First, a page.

A referral program is an effective and valuable marketing tactic that uses recommendations to grow a business’s customer base through its existing customers.
This can take many forms, but at its heart, it’s a way to turn your most loyal customers into brand advocates.
There are countless examples of businesses of all sizes and industries using referral programs to skyrocket their growth.
You need to build a program that provides you with a steady stream of new customers.
Referrals are also an important part of any growth hacking program. Below is its relevance to the Pirate Metrics Program.
Something to note – not all businesses may feel comfortable using a referral program, however looking to create one within the norms of your industry needs to be explored.
Additionally, your brand has to be one that customers trust and feel comfortable sharing and advocating to their friends.
This is why creating a trusted brand image should be a priority for all businesses.
- Why your business must have a referral program
- Common referral methods
- Inspiring examples
- Setting your campaign goals
- What rewards should you offer?
- Identify channels to promote your referral program
- Tracking your campaign
Read on to see how to design and launch a referral program that’s right for your business.
Why Your Business Must Have a Referral Program
A referral marketing program incentivises existing customers to refer your products or services to their friends.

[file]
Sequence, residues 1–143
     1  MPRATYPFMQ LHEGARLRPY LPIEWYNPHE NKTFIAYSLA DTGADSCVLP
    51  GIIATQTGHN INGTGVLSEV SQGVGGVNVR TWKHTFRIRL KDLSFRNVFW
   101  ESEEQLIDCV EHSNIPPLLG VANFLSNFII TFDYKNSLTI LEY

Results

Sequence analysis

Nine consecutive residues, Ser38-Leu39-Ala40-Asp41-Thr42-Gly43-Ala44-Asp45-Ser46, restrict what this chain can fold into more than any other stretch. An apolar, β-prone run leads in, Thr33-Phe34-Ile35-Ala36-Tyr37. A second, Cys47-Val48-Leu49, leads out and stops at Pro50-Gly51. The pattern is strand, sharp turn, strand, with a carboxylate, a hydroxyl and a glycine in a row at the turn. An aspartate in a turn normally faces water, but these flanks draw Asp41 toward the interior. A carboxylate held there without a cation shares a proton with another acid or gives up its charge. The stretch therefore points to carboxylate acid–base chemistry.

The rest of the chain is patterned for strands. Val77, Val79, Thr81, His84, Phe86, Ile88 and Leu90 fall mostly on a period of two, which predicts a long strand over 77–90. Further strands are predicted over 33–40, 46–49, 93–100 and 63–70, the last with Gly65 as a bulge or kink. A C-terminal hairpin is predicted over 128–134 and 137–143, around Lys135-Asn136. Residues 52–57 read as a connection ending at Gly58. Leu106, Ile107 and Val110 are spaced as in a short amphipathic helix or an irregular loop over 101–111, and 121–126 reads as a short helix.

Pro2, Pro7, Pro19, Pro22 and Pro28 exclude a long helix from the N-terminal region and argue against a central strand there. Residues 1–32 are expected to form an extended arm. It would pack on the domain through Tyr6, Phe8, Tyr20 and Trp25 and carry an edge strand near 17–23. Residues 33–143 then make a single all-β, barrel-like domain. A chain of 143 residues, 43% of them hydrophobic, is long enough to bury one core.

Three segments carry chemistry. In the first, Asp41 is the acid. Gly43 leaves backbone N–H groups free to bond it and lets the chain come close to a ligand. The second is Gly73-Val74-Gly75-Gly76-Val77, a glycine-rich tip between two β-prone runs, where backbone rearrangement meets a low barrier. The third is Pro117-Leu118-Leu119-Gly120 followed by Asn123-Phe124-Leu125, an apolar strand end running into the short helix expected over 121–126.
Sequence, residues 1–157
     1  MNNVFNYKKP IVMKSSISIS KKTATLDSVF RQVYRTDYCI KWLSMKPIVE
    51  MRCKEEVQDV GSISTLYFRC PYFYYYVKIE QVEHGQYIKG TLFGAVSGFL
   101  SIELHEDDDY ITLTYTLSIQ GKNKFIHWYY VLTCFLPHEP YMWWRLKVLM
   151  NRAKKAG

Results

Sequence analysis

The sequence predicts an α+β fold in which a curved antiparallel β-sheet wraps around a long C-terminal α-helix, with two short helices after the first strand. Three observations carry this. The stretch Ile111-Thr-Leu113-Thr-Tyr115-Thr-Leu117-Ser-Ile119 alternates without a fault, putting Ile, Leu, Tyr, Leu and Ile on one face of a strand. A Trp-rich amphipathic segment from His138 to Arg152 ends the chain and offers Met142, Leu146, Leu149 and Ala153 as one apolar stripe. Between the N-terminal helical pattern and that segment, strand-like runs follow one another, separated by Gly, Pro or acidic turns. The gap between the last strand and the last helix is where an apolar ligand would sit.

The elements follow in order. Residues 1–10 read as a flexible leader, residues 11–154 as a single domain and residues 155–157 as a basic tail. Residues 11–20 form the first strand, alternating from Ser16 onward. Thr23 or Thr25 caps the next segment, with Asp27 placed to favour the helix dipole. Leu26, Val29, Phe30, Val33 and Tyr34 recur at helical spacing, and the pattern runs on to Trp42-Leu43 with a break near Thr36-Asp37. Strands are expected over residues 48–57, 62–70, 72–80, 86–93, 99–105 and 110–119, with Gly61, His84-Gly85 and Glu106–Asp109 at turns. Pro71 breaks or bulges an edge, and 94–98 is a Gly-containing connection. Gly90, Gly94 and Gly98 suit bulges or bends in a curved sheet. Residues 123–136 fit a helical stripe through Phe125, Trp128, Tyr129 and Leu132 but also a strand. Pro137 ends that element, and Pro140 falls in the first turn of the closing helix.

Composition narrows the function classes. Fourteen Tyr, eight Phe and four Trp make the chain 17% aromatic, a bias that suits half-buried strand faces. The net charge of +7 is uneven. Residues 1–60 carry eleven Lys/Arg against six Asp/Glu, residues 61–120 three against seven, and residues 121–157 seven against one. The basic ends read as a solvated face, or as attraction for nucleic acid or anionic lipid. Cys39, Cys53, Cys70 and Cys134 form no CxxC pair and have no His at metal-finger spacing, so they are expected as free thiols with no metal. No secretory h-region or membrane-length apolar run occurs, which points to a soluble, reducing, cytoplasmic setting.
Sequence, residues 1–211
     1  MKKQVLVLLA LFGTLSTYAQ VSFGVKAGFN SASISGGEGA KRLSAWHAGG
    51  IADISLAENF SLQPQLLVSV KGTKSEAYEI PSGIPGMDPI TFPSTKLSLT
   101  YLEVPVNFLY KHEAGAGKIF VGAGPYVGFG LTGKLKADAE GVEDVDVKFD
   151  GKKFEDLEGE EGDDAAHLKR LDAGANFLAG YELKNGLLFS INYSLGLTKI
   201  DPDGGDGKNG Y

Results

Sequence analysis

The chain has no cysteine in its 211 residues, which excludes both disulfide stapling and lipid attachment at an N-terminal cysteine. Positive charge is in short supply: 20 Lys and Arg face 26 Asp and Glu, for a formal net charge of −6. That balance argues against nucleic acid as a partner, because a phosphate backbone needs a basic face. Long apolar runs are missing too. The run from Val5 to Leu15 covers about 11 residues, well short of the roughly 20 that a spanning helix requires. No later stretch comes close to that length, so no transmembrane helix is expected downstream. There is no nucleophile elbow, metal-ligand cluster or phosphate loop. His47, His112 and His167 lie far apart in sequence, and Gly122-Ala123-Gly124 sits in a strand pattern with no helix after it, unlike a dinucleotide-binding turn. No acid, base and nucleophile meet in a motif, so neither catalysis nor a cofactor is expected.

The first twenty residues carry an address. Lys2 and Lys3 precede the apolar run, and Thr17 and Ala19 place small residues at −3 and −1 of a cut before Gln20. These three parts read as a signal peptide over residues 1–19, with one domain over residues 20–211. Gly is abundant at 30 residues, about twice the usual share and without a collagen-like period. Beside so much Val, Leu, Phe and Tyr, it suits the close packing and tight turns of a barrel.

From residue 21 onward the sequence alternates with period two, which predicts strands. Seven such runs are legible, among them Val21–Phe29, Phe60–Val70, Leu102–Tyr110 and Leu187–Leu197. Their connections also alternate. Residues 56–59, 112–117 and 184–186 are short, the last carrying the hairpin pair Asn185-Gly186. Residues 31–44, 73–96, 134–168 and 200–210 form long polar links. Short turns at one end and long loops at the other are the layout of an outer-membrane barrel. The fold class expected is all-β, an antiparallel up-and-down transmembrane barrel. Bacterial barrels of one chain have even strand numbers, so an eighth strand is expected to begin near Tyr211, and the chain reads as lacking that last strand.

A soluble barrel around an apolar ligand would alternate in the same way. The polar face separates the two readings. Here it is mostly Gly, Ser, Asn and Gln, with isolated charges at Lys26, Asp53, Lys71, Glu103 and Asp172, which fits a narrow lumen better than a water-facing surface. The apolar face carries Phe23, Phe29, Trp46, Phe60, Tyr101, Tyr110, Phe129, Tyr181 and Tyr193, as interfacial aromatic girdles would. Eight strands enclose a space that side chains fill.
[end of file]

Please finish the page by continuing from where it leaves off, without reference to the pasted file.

That could be through discounts, cash, credits for future purchases, or free access to something.
In short, you’re telling a customer: ask someone you know to sign up or make a purchase, and we’ll reward you – and maybe even the person you’re referring.
Common Incentive Methods
There are two basic methods that can be used to offer incentives to customers.
Which one you use depends on what you’re offering, your budget, and most importantly, your customers.
The standard referral (1-Sided)
The primary referral method is where you provide a customer with an incentive for referring your business.
In the standard referral program, your promotion might say: “if your friend buys our product, we will give you $20 off your next purchase.”
The double loop referral (2-Sided)
A double loop method differs from the standard referral program by doing two things:
- It gives a reward to the referrer
- It gives a reward to the referee to incentivise a purchase
In a double-sided referral program, you would say: “if your friend buys our product, we will give you $20 off your next purchase AND give your friend $20.”
The double loop referral method is powerful from a buyer’s psychological aspect.
Most people aren’t motivated to profit off of their own networks but by offering incentives to both parties, your customer feels like they are getting a reward and get to offer their friend one too.
Since Dropox offered cloud storage space, they rewarded users with more free space for referring to their friends and accepting an invitation.
It’s a 2-side or double loop referral program for a product that rewards both sides for completing the desired task; registering for Dropbox.
The referral system is successful because it’s simple, straightforward and even allows users to track the invitation to see if their friend has accepted it or not.
It’s important to note that the goal of Dropbox’s referral program was to achieve a significant audience reach, not to increase their revenue.
It was a chance to engage their funnel cost-effectively by simply showcasing their will to offer more for less.
The automotive and renewable energy company have implemented a high-value referral program for their solar roof and panels.
Customers who refer friends that make a purchase get $500 for each roof referral and $300 for each panel referral, while new customers get the same discounts on their new solar purchases.